Ingredients for a Gentle Birth

Before describing the important elements of gentle birth, I want to point out that these are merely suggestions. Gentle birth is not a method or a set of rules that must be followed. Rather, it is an approach to birth that incorporates a woman’s own values and beliefs. Every birth is a powerful experience--sometimes painful, always transformational. Each birth is as unique as the woman giving birth and the baby being born. There is no illustrated owner’s manual.

Many women’s early social conditioning that makes them believe they are unable to give birth normally must be replaced with a newfound understanding of the philosophy of and the ideas behind gentle birth. When women realize that their bodies know how to give birth and that their babies know how to be born, they gain confidence. Only then is gentle birth a possibility.

A gentle birth takes place when a woman is supported by the people she chooses to be with during this most intimate time. She needs to be loved and nurtured by those around her so she can feel comfortable and secure enough to follow her natural instincts. A birthing woman must be trusted so she in turn can trust herself, her body, her partner, her baby, and this process of giving birth. Her intuition must be respected. During a natural gentle birth, a woman feels and senses the power of the birth and uses this energy to transform every part of her own being. A gentle birth is not rushed. The baby emerges at its own pace and in its own time, received into the hands of those who love and recognize it for the divine gift that it is.

Some of the most important ingredients for a natural gentle birth are described on the following pages. Each woman has individual needs and preferences, so again, use these elements only as guidelines.

The education that best prepares a woman for a gentle birth is one that empowers her through information and a belief in her ability to give birth naturally. The original childbirth educators were mothers who labored in front of their children and included them in the folk medicine of the day. Pregnant women asked their mothers about a pain or an ache, and the mothers responded by saying, “Oh, I had that with all three of you.” For the daughter to experience her mother giving birth is worth a whole course in childbirth education. In sharing her mother’s labor and giving birth, she learns about the essence of this miracle firsthand.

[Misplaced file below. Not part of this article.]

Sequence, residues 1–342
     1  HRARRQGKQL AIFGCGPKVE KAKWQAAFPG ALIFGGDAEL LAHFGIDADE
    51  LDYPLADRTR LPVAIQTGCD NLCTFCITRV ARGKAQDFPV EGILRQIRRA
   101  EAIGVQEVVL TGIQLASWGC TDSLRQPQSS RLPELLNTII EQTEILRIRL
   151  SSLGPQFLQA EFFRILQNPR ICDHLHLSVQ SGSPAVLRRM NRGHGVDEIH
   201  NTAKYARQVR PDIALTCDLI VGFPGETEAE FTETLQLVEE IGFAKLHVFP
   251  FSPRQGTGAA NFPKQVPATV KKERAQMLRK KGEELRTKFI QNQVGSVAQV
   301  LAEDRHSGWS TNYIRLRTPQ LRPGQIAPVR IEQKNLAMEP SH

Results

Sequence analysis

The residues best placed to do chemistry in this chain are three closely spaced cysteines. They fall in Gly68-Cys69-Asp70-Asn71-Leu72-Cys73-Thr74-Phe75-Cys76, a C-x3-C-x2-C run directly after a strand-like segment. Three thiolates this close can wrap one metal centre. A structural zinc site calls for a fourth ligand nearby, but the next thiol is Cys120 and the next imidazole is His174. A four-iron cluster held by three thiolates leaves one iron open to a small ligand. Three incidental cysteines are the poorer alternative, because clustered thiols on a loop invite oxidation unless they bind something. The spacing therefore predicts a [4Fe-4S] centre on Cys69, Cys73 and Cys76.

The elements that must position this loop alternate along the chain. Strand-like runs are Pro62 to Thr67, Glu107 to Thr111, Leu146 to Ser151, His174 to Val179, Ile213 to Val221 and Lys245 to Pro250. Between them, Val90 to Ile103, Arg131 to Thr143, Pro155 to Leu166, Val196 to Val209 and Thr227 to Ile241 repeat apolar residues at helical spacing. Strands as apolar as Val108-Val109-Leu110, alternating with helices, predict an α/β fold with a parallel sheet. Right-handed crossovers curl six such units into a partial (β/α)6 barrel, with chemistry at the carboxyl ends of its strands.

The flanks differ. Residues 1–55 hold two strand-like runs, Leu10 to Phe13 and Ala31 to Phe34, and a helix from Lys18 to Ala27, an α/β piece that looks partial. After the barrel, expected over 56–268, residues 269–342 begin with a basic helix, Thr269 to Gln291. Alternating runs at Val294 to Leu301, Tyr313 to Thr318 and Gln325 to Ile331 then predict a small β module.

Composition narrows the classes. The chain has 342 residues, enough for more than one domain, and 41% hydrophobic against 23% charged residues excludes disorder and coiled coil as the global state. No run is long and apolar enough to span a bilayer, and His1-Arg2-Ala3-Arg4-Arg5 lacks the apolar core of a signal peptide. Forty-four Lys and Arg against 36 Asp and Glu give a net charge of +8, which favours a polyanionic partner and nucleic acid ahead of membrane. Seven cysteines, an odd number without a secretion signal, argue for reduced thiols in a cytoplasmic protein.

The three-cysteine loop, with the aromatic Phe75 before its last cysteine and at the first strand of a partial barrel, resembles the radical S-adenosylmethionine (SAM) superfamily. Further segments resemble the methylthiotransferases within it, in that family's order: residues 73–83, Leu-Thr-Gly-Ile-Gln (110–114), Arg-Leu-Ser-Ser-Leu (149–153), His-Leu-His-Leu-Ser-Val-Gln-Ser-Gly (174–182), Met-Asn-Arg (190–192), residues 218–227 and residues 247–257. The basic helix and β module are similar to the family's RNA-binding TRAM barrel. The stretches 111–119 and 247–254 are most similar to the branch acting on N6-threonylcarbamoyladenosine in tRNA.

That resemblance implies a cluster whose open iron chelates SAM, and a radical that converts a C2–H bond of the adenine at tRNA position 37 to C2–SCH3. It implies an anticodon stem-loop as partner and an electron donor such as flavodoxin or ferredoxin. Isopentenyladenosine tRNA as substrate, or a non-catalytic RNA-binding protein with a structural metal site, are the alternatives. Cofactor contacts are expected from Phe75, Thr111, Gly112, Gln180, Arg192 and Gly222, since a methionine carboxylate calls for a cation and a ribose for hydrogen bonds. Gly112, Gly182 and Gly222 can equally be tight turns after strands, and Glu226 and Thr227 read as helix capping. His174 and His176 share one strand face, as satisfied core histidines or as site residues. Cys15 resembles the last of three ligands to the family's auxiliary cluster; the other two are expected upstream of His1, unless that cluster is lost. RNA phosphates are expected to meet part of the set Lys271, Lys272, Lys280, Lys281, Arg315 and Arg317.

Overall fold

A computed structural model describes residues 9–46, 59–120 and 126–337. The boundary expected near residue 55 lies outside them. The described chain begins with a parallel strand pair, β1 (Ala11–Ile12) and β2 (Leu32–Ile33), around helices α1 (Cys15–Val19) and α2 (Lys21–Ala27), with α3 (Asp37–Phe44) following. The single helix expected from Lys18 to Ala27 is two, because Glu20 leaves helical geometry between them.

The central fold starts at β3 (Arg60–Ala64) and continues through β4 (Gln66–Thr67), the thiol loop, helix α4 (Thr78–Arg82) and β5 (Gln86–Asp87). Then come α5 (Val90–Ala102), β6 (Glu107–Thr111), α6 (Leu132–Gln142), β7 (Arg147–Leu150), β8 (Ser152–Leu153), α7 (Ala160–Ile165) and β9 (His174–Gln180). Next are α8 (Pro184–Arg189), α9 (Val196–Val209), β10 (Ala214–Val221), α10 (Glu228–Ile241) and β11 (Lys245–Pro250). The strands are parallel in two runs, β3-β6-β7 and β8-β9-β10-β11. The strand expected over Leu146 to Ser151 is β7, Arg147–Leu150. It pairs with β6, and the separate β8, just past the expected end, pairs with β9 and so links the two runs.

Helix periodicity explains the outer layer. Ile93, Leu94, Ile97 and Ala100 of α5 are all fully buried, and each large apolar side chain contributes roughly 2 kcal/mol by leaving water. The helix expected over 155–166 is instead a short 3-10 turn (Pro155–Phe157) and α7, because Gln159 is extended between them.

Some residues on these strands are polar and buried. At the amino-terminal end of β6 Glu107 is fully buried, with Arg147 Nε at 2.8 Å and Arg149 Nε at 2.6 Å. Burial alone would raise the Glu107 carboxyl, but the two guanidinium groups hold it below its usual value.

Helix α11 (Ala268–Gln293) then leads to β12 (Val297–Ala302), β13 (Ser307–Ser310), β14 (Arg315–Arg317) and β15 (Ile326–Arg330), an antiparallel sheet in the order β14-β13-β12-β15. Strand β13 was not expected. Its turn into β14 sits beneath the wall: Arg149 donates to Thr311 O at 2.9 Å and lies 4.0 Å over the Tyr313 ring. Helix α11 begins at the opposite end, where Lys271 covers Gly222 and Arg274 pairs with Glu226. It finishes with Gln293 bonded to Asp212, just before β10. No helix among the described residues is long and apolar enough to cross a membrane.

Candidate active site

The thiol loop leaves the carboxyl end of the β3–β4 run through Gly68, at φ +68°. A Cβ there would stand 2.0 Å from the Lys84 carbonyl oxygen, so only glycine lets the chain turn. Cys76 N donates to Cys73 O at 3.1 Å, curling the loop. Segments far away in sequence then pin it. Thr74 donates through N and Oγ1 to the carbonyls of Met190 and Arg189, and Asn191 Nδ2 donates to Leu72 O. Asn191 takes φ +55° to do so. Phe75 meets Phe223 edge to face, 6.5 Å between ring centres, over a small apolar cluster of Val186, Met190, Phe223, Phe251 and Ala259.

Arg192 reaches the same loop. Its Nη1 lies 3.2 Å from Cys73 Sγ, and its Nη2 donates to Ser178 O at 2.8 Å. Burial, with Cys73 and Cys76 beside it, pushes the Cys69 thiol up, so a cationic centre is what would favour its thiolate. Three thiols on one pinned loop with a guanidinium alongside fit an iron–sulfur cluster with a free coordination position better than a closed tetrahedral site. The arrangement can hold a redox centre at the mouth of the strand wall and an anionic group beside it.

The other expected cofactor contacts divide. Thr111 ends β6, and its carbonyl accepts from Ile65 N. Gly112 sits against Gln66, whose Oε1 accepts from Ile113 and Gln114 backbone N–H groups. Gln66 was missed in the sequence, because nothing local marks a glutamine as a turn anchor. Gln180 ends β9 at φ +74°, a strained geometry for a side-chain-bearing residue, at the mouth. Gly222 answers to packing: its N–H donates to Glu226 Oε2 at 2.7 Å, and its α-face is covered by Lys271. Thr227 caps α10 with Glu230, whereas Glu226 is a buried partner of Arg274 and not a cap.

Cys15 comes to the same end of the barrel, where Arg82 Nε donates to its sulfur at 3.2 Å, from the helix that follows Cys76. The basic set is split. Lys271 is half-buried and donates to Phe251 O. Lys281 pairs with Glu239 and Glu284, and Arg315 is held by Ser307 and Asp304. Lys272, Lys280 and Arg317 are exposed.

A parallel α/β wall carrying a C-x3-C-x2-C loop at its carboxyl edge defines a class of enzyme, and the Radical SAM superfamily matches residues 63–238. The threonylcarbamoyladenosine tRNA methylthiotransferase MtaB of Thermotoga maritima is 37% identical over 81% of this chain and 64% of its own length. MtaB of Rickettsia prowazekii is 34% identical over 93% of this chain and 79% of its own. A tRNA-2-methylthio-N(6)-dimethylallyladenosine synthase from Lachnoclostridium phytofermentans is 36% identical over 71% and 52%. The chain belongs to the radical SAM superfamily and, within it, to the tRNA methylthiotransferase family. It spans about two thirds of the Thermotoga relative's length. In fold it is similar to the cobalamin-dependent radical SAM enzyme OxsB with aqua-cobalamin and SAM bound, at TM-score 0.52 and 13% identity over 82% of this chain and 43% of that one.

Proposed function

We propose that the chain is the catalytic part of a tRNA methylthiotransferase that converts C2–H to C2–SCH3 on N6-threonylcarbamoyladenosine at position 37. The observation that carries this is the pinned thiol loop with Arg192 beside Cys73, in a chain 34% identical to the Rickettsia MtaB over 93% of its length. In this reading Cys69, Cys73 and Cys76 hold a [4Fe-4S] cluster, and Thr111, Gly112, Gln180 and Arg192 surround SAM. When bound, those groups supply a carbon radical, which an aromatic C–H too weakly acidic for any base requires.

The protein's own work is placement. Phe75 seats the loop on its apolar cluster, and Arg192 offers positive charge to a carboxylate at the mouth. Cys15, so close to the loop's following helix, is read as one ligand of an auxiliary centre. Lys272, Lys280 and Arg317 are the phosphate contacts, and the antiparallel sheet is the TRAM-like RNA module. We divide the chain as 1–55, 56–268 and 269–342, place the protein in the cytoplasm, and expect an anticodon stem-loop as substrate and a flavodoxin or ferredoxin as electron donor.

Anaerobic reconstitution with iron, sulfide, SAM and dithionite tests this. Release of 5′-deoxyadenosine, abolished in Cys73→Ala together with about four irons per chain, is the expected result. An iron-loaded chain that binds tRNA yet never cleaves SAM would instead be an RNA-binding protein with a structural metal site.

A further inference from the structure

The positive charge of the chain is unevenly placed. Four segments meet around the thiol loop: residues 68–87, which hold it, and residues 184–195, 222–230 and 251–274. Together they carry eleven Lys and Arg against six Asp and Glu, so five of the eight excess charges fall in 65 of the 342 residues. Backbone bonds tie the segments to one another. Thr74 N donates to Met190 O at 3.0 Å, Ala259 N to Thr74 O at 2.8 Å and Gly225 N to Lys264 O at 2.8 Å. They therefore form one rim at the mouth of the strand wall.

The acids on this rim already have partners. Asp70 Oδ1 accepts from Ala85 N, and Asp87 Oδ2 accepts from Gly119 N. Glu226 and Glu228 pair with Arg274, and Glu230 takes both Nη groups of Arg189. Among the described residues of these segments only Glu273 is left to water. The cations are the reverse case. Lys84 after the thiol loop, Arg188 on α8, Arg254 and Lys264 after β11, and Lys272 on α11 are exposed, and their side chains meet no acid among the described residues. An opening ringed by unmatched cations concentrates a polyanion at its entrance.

Today childbirth educators have taken over the job of mothers whose memories of birth were obliterated with drugs, unconsciousness, and the medical treatments of the day. There are many styles of education and preparation for birth. One of the most important components for all methods of childbirth preparation is a healthy attitude. Women pay attention to their bodies throughout their pregnancy by eating healthful foods, avoiding stress, sticking to a physical exercise program, being cautious about exposing themselves to harmful chemicals or toxins, and maintaining a positive emotional outlook. While preparing for a gentle birth, it’s important to keep an open mind as to how the birth will actually proceed. Flexibility is essential, because in some cases medical intervention may be necessary.

I recommend that a woman look into her attitudes, ideas, and beliefs about birth. This may include exploring her feelings about her sexuality, her relationship with the baby’s father, and her relationships with her parents. A woman who is comfortable with her sexuality will feel less inhibited sexually during the birth. A woman who has examined her own birth will not be likely to repeat the pattern of that birth in the one she is preparing for. A woman who has a good sense of herself will not be easily swayed away from what she knows to be right for herself. A woman who is at peace with her partner and her family members will find comfort in and draw strength from those bonds and will want to include those people in the birthing experience.